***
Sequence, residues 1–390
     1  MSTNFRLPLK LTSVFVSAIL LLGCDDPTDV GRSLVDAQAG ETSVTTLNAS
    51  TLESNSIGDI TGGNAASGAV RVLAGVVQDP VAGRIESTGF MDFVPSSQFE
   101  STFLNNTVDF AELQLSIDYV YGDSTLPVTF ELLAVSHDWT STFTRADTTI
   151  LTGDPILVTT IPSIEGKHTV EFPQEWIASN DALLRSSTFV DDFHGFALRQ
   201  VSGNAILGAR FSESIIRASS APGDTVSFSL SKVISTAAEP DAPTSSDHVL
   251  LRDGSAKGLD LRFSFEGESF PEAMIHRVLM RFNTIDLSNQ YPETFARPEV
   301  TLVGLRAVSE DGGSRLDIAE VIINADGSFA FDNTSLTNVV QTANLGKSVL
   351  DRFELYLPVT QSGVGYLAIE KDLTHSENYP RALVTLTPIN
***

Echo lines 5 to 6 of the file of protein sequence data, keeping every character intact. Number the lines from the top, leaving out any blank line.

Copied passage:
   151  LTGDPILVTT IPSIEGKHTV EFPQEWIASN DALLRSSTFV DDFHGFALRQ
   201  VSGNAILGAR FSESIIRASS APGDTVSFSL SKVISTAAEP DAPTSSDHVL